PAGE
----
Enjoyment takes time: Some implications for choice theory
The paper suggests that casting the choice problem in terms of alternative time-consuming activities can foster the fruitful cross-fertilization between economics and psychology along the lines suggested by Scitovsky in the Joyless Economy. The first part emphasizes how mainstream, utility-based choice theory has eradicated "time" from the analysis, in contrast with the seminal contribution to the subjective theory of value proposed by Gossen in 1858. The limits of Becker's well-known approach to time-use are also analyzed. The second part opens with the presentation of an alternative approach based on activities, intended as productive processes allowing for pleasant time to be produced by consuming "direct" unpleasant time plus the "indirect" amount of unpleasant time equivalent to the market goods used up as inputs (Nisticò, Production of (Pleasant) Time by Means of (Unpleasant) Time: Some Notes on Consumption Theory and Time Use, 2014). Finally, the approach is applied to an intertemporal context by drawing on Hicks's temporary equilibrium method. Scitovsky's distinction between defensive and creative activities is discussed in conclusion, suggesting that individuals might refrain from engaging in more skilled, time-consuming activities because of the attractiveness of a certain, higher present-period rate of return of less skilled, goods-intensive activities.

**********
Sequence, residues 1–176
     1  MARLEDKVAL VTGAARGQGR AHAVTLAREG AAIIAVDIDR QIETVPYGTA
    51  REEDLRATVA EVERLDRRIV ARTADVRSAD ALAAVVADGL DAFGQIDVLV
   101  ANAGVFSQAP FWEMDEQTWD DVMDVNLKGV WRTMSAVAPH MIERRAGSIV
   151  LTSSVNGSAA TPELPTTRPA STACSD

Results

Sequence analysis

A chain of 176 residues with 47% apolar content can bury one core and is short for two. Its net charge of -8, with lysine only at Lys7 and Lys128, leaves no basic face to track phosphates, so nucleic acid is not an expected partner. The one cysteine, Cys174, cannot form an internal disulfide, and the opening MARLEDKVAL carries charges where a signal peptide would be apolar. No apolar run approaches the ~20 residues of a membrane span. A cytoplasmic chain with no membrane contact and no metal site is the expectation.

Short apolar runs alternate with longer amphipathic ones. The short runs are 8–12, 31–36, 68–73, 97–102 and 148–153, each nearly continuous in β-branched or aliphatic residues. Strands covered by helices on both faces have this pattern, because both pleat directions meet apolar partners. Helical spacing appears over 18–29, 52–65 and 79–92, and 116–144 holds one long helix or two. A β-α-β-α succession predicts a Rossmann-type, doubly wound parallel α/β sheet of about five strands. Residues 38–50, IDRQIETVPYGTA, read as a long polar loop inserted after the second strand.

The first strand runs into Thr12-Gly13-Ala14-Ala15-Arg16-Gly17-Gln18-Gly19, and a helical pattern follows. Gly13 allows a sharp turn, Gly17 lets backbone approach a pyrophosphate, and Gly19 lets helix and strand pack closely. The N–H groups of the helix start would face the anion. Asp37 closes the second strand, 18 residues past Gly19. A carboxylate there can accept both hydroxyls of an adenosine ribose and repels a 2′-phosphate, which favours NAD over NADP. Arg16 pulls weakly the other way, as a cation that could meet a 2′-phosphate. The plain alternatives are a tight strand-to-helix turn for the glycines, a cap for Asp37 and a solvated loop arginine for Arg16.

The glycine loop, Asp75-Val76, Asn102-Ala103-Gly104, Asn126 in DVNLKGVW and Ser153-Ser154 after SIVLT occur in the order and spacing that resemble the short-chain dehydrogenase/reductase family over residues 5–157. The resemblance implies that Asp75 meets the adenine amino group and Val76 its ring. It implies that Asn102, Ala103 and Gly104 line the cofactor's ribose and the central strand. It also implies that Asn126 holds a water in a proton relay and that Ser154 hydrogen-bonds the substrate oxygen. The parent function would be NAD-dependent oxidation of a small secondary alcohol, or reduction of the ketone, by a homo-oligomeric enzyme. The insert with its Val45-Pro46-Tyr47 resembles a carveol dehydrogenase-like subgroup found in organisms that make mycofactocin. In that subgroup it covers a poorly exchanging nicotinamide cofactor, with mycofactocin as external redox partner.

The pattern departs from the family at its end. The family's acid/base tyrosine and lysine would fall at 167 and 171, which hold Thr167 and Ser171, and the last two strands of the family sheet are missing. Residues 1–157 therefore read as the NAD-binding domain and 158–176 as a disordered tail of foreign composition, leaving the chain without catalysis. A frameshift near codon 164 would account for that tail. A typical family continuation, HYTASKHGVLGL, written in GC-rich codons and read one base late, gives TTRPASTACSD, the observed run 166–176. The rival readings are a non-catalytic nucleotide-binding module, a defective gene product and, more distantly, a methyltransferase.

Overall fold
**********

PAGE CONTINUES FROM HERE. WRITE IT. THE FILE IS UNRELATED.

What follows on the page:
Volume (Year): 9 (2015)
Issue (Month): ()
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